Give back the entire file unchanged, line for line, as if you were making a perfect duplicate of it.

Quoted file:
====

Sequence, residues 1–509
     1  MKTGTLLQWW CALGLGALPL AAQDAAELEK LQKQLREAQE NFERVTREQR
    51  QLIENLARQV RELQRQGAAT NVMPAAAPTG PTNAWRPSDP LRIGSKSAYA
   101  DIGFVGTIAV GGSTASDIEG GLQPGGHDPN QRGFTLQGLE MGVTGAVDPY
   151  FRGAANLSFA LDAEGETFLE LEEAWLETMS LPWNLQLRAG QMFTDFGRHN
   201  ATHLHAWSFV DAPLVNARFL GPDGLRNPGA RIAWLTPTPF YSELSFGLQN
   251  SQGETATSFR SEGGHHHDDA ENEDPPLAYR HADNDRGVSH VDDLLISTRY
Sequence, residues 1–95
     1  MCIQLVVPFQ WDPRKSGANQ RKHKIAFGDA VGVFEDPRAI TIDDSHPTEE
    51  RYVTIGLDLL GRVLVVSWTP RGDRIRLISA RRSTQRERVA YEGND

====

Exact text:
Sequence, residues 1–509
     1  MKTGTLLQWW CALGLGALPL AAQDAAELEK LQKQLREAQE NFERVTREQR
    51  QLIENLARQV RELQRQGAAT NVMPAAAPTG PTNAWRPSDP LRIGSKSAYA
   101  DIGFVGTIAV GGSTASDIEG GLQPGGHDPN QRGFTLQGLE MGVTGAVDPY
   151  FRGAANLSFA LDAEGETFLE LEEAWLETMS LPWNLQLRAG QMFTDFGRHN
   201  ATHLHAWSFV DAPLVNARFL GPDGLRNPGA RIAWLTPTPF YSELSFGLQN
   251  SQGETATSFR SEGGHHHDDA ENEDPPLAYR HADNDRGVSH VDDLLISTRY
Sequence, residues 1–95
     1  MCIQLVVPFQ WDPRKSGANQ RKHKIAFGDA VGVFEDPRAI TIDDSHPTEE
    51  RYVTIGLDLL GRVLVVSWTP RGDRIRLISA RRSTQRERVA YEGND